User:Pat Palmer

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I joined this wiki in 2007 and was around intermittently for many years. When Citizendium considered closing down in mid 2020, I returned after a long hiatus and took ownership of the domain to help the project continue, in honor of the past great efforts by Larry, Anthony, Milt, Norman, Ro and others, and the continuing efforts of John S. and the many technical staff who've helped in the past. The sense of community possible here was especially valuable during the COVID-19 shutdowns--and I value it all the time. My interests in this wiki are as often personal as professional, and wide ranging.

On the academic side:

  • M. A. in public sector management
  • M. S. in computer science
  • academic work towards a Ph. D. (not completed) in Germanic linguistics and literature
  • B. A. in liberal arts, major English

Some articles I've contributed to:

  • Developing Article Amaryllis: The common name for a group of showy ornamental perennials plants in the genus Hippeastrum. [e]
  • Stub Amy Lowell (poet): Modern American poet (1874-1925), posthumous winner of the Pulitzer Prize for Poetry in 1926, author of poemms Patterns and Lilacs [e]
  • Stub Claude Shannon: (1916-2001) American theoretical mathematician, founder of information theory. [e]
  • Developing Article Clean Water Act: Federal laws from 1948, 1972, 1977 and 1987 that govern water quality in the United States [e]
  • Developing Article Coal mining: A term that encompasses the various methods used to extract the carbon-containing rock called coal from the ground. [e]
  • Stub Croquet: A summer ball sport played on a lawn with the object of completing an obstacle course by hitting the ball through the metal hoop obstacles. [e]
  • Stub C_Sharp: Object-oriented general-purpose programming language developed for the Microsoft .NET Framework. [e]
  • Stub Eugene Daub (sculptor): An award-winning American scultor (1942-?) known for statuary, busts in a classical style, and for medallic art and bas relief. [e]
  • Developing Article Evening primrose: Several species of wild flowers native to eastern and central North America from the genus Oenothera. [e]
  • Stub Gertrude_Stein: American author (1874-1946) who lived in Paris, France, and is best remembered for creating deliberate linguistic conundrums. [e]
  • Stub Lois_McMaster_Bujold: American science fiction and fantasy writer, winner of seven Hugo Awards and four Nebulas [e]
  • Stub Macrobiotics: A mostly vegan, low-salt, low-oil diet; a social movement training people to cook according to their personal condition. [e]
  • Developing Article Mary Baker Eddy: American founder of Christian Science and of international newspaper The Christian Science Monitor. [e]
  • Developing Article One-way encryption: Form of encryption used to store passwords on disk and verify intact file transmission. [e]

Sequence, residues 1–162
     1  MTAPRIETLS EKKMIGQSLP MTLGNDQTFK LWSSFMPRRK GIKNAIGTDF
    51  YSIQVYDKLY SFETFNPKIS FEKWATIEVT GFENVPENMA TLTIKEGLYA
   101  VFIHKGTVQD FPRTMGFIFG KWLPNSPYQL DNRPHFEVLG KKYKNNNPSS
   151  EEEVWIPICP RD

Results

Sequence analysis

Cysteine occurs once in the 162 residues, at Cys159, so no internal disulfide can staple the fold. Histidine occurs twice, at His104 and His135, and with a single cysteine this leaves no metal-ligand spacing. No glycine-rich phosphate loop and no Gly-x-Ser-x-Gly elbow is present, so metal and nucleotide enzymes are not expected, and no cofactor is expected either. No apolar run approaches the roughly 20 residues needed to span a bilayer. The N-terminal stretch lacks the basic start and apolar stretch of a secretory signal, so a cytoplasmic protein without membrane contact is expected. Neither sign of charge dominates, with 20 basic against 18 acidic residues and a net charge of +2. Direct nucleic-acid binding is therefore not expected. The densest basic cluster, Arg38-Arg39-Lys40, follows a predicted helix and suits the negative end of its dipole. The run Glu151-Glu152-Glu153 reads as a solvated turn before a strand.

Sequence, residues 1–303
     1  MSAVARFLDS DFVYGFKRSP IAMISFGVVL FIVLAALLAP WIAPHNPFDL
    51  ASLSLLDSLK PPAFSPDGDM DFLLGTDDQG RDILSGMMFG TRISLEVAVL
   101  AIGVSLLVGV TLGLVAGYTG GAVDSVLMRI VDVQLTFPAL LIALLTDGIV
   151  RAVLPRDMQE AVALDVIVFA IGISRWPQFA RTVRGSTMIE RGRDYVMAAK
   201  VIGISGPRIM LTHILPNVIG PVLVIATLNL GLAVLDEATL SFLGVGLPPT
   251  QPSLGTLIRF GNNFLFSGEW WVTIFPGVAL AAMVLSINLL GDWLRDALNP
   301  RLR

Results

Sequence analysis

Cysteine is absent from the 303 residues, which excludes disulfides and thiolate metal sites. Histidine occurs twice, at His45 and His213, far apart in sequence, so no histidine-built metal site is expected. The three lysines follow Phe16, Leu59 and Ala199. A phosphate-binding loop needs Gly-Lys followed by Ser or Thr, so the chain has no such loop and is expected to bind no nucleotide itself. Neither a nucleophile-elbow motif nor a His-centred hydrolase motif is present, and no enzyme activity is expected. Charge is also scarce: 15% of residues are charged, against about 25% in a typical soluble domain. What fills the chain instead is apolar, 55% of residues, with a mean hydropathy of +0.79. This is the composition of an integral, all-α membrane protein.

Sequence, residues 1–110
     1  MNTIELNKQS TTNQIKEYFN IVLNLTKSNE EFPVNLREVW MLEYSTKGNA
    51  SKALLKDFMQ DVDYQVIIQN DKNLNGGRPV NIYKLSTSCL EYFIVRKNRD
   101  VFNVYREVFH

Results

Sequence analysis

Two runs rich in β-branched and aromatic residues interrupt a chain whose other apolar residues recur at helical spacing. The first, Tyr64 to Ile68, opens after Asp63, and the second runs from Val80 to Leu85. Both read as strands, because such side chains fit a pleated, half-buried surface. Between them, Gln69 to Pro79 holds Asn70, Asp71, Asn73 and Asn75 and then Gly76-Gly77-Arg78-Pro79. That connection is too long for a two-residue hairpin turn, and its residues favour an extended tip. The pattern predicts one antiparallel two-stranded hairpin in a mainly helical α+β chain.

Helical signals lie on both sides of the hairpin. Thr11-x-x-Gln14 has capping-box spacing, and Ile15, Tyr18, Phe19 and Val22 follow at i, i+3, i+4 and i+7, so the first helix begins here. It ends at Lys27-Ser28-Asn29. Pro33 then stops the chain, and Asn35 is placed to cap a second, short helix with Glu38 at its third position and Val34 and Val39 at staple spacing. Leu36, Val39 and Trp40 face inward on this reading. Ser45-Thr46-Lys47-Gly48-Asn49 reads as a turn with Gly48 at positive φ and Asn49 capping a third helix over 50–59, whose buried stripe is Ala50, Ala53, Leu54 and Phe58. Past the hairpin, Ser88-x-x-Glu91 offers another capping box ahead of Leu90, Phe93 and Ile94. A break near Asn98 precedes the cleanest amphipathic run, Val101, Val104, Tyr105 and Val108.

• Stub Paris, Tennessee: A town of about 10,000 in West Tennessee; county seat of Henry County; has a 70' replica of the Eiffel Tower [e]
  • Stub Quinto_(grid_game): Board game a.k.a. Game of Fives resembling Scrabble but with numbers. [e]
  • Developing Article Rainer_Maria_Rilke: German poet (1875-1926) from Austria-Hungary famous for the Duino Elegies and The Notebooks of Malte Laurids Brigge among other works [e]
  • Developing Article Ruby (programming language): Dynamically-typed, object-oriented programming language created by Yukihiro Matsumoto in 1995. [e]
  • Stub Scylla (sea monster): A mythological a sea hazard on one side of a narrow strait across from a dangerous whirlpool. [e]
  • Developing Article Smoke Signals (film): A 1998 Canadian-American film about a troubled father-son relationship on Idaho's Coeur D'Alene Reservation. [e]
  • Developing Article Tennessee Heritage Protection Act: Tennessee state law (2013) to prevent removal or relocation of confederate memorials on public property. [e]
  • Stub Tennessee River: a large tributary of the Ohio River [e]
  • Stub Theater in the round: A performance space in which the audience sits on at least three sides of the stage [e]
  • Stub Theodor Fontane: A popular, late 19th-century German-language novelist whose realistic works are still widely read, sometimes in English translation. [e]
  • Developing Article Walt Whitman: (1819-92) American poet and essayist, famous for his flowing free verse in Leaves of Grass, including 'A Noiseless Patient Spider' [e]
  • Stub What is language?: The definition of language - what counts as a language and what doesn't - is a difficult philosophical topic, deserving an article in its own right. [e]

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On Facebook: Pat G Palmer




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